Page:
Luck is only half of the story

Pilots are always asking me how is it I came to owning a flying site. I tell them I am just lucky; but the truth is, several pilots and myself worked very hard for many years to keep the site open.

Editor's Note: Bubba Goodman owns the Tater Hill, NC flying site:

Tales from the trenches

By Bubba Goodman

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Landowner appreciation at the Tater Hill Open (photo by Jay Browder)

Good relationships with the landowners at the top and at the landing zones don't just happen overnight. Good flying sites are hard to come by, and once you lose one, you may never gain it back. In the 40 plus years of flying in North Carolina, we have lost at least four sites, and possibly more. One closed because non-local pilots either didn't know about or didn't care about site rules. Pilots walked around locked gates, didn’t call for permission to fly, and left trash at the launch site.

What we as pilots must remember, above all else, is that we have no right to enter someone else’s property and fly from it. Even if we are leasing property, we must be aware of all the subtleties that result when the property is used for free-flight. Though I now own a launch site, I am still surrounded by other landowners, so I try to be as respectful as possible.

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Doe Mountain Recreation Area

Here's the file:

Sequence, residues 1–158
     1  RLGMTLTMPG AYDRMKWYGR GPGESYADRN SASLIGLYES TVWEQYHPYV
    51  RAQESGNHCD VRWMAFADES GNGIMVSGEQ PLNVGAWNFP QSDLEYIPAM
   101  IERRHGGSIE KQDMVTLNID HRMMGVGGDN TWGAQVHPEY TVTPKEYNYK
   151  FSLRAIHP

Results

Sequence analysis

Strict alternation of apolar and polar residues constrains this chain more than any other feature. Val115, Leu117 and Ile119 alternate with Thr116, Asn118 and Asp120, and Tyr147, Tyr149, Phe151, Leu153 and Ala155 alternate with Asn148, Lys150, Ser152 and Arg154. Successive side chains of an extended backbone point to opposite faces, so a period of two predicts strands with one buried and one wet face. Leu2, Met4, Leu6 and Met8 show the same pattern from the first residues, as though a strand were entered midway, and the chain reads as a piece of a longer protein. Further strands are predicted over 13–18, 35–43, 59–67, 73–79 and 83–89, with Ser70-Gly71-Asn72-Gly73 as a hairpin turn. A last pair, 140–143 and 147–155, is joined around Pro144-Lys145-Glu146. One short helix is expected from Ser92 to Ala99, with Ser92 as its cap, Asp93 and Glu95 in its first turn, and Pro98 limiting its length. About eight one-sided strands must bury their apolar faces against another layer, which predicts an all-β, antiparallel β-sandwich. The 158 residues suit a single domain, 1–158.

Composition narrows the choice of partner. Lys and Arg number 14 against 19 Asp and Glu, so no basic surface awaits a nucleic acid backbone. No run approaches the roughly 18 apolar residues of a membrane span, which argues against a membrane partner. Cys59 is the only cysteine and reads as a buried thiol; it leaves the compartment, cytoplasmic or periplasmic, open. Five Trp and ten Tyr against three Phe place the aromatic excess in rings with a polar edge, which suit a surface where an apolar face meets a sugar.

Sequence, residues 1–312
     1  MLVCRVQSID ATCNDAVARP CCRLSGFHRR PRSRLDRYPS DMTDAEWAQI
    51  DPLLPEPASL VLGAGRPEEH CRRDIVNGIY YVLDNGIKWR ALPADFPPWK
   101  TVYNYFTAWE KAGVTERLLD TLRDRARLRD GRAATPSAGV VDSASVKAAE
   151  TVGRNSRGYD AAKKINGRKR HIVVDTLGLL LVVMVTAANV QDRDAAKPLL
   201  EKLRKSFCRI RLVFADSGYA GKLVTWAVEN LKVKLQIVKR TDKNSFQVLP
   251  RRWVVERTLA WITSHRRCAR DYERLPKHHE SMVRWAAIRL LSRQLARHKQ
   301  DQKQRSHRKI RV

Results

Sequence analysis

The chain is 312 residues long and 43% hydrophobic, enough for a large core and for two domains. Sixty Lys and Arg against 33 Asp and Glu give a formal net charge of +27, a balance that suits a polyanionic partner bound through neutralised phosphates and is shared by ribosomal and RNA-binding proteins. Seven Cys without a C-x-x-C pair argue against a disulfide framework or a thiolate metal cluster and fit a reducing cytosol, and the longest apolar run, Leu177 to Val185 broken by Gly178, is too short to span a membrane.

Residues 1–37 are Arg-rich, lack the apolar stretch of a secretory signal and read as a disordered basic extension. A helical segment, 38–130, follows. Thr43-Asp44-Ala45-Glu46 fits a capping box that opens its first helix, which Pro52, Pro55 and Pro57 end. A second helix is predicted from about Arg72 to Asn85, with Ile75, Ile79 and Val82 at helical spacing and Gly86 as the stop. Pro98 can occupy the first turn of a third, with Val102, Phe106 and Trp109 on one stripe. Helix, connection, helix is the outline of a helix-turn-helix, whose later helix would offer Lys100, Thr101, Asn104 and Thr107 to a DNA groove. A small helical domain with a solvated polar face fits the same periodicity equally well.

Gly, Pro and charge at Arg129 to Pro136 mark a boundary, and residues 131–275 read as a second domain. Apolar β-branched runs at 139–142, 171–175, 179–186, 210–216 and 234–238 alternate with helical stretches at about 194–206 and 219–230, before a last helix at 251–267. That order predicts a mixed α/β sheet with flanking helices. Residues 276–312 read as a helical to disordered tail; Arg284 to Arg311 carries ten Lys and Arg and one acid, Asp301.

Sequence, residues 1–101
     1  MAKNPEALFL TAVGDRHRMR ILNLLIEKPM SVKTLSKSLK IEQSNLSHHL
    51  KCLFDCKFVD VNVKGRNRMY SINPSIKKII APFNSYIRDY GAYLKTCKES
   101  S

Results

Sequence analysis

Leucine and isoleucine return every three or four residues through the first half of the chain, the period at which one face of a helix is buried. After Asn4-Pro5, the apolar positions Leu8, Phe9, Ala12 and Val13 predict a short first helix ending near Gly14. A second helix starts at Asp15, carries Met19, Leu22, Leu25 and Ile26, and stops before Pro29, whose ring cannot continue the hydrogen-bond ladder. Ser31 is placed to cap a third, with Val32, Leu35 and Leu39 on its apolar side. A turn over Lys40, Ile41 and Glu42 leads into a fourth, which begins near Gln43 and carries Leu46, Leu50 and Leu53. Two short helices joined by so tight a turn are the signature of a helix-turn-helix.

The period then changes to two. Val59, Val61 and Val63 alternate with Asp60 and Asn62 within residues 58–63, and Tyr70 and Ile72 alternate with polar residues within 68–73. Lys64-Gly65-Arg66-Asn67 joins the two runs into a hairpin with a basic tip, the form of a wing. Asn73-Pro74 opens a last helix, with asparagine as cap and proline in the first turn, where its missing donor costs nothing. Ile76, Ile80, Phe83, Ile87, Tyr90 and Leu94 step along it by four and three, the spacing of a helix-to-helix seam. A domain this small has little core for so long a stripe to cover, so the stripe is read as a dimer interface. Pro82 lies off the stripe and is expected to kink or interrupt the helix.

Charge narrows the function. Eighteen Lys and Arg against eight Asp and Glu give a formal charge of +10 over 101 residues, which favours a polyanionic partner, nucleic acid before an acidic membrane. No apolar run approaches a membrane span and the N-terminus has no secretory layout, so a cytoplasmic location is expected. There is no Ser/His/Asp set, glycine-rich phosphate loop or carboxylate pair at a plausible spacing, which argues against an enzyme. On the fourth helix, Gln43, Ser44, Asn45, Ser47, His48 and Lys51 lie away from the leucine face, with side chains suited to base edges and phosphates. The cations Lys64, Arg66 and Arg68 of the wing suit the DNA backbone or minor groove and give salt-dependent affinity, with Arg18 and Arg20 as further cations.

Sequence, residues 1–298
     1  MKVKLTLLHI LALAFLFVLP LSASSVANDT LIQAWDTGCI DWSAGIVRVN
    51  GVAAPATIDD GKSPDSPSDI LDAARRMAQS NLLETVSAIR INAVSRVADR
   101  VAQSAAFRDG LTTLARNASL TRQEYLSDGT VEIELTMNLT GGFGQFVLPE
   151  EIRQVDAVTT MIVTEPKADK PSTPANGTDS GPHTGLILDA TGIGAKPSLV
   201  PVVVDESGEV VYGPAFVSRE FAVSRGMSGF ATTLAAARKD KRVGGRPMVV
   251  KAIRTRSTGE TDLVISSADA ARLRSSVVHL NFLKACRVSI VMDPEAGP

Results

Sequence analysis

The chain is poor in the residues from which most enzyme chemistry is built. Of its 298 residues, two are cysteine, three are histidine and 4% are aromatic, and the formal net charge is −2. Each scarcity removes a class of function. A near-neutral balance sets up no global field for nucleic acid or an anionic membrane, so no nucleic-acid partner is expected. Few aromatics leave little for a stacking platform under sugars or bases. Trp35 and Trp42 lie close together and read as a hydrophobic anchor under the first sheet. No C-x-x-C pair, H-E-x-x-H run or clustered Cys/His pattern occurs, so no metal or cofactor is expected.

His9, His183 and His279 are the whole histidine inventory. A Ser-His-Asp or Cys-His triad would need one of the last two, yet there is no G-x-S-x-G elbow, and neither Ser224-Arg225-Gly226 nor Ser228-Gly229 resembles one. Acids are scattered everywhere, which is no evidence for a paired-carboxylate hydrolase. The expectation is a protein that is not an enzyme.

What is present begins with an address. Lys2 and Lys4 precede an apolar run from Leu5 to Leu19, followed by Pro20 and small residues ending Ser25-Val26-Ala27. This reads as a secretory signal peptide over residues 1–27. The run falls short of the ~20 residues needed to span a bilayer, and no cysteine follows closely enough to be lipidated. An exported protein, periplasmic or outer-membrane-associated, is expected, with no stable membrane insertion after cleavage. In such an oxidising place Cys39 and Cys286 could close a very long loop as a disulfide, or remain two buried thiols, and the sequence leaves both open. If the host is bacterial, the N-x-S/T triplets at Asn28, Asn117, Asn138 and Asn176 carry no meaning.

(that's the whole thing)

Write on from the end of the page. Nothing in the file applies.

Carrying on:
There are no hard-and-fast guidelines on opening a flying site. A few years ago I was contacted by a nearby land developer who wanted to know if there was interest in possibly opening a new flying site. 8000 acres had been donated to the town of Mountain City, Tennessee to be used as a designated recreation area. The developer had heard about the successes of Tater Hill and wanted me to speak in front of a group of people who were to decide possible activities to include. The planning group then set up an on-line survey that was later linked to from our website and the Tater Hill Facebook page, which in turn resulted in a huge public response. The planning group said it was by far the largest response among rock crawlers, four wheelers, hikers, mountain bikers, horse enthusiasts, and several other interested groups. I in turn solicited USHPA for additional help and for them to send literature about opening a flying site. There is not a lot of available literature for opening a site. (USHPA does have a Site Management Manual in the Members Section under Flying Sites).

This incident calls attention to the need for someone to draft a “how to establish a flying site” manual that USHPA can make available, even if it’s just a simple guideline. What I’ve found in promoting our sport is that it’s truly a great sport. Compared to all the activities the planning group was considering, free-flight was potentially the best: very low impact on roads, high intrinsic value, high spectator value, no noise and no pollution (excluding the suggestion of a possible chairlift to launch). Also, there are economic benefits: pilots would likely visit from all over the Southeast. Maybe a school would open. (Developing this new flying site is still a possibility if anyone reading this wants to pursue it further.)